now from the Castle towards the town centre you will pass the Woolpack Inn. Now a pub, it
was built around 1452 as a rich merchant's house and would have been
about 200 years old at the time of the Civil War. The roomy building
would have provided ideal accommodation for soldiers. Originally the
Woolpack had 3 bays, with the upper floors of the side bays jettied
forward, as may be seen with the surviving right-hand bay. The left hand
bay was removed at some point, possibly after the siege as it could have
been damaged beyond repair.
House, now the Bakers Oven, belonged to another rich merchant,
its copious timber framing indicated high status. This, together
with its position close enough to military headquarters in the
castle to permit speedy access, meant it was certain to be
commandeered by the Royalist forces.
Now open as a
cafe, provides the opportunity to explore the insides of the
building including the upper floors. It was used as the
Governors House for the duration of the war.
Nat West Bank now stands on the site of Alderman Hercules Clays house. A
plaque high on the wall gives details. The house was destroyed by a bomb
in 1643 that was aimed at the Governors House. The Alderman had 3 dreams
that his home would be destroyes and moved his family out just in time
to a place of safety. He bequeathed a thank you offering to the town of
£100 and gave £100 to the vicar on condition that he preached a sermon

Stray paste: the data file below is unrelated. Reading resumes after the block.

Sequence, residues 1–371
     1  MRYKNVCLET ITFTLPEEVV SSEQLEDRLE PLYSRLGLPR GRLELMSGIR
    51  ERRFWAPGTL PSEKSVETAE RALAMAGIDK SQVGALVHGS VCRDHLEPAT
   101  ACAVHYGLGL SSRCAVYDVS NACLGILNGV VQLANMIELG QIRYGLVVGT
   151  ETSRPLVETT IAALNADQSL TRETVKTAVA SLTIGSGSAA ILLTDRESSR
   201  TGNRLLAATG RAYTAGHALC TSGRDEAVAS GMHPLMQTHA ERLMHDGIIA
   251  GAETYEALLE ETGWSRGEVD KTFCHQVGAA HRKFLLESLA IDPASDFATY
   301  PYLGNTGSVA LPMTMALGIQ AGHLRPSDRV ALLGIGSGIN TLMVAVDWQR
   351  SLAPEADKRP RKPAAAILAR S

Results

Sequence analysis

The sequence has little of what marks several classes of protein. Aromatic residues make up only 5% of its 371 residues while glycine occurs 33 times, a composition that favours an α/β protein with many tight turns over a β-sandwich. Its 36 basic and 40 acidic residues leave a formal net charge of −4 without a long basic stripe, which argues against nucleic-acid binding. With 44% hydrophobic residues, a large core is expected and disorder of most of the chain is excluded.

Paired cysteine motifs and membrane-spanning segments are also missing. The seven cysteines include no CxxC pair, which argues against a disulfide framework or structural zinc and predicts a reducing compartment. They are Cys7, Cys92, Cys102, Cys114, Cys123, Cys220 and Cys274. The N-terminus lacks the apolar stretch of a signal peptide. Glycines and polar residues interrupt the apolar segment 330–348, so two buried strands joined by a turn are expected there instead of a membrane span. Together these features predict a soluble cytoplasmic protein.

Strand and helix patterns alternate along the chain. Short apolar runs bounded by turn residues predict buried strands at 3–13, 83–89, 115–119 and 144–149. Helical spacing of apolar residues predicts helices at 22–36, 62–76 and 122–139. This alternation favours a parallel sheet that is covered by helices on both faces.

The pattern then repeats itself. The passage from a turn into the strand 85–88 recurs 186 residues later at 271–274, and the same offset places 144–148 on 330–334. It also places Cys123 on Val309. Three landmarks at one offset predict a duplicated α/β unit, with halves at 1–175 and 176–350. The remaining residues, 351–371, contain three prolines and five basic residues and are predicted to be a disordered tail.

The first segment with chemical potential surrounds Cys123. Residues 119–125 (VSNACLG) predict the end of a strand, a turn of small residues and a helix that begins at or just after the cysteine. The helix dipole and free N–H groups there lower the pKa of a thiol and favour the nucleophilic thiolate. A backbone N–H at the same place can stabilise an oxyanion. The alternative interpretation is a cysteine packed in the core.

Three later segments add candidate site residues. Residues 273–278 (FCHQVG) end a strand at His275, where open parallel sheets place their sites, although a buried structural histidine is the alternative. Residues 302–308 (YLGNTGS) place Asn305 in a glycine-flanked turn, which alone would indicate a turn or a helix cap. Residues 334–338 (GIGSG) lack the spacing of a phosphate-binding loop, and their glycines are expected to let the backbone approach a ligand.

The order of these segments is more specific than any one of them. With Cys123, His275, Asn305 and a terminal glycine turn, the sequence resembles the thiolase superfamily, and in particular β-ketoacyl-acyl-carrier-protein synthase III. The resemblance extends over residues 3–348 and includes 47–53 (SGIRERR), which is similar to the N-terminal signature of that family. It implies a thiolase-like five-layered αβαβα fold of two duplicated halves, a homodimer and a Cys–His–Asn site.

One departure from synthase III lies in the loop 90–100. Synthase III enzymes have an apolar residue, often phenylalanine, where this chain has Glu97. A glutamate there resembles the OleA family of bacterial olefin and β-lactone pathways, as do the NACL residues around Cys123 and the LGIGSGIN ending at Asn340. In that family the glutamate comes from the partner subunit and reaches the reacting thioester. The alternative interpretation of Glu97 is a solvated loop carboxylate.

on the 11th March every year - this still continues today.
are now at the market square. A vibrant market takes
place on Saturdays. Visit the Buttermarket beneath the
Town Hall with its unusual shops.
Head on along
to the corner of the square, here The Old White Heart is the
oldest surviving inn in Newark, dating back to the early 14th century.
with the earliest section lying under the carriageway to the
right. The ornate facade of the front section (1459) was
extensively restored in the 1980's, but is authentic in style
and colour as sufficient original material remained for copies
to be made.Soldiers
would certainly have been billeted at the inn.
the square you will see the spire of St Magdelene church, head towards
it past more old shops en-route. Take time to wander around the church
yard.The hole visible in the spire marks the spot where a shot from a
parliamentarian cannon is said to have struck the church in 1644.In the
centre of the churchyard is a plaque in memory of the officers killed in
other sieges of Newark. In the church you will find a plaque dedicated
to Hercules Clay.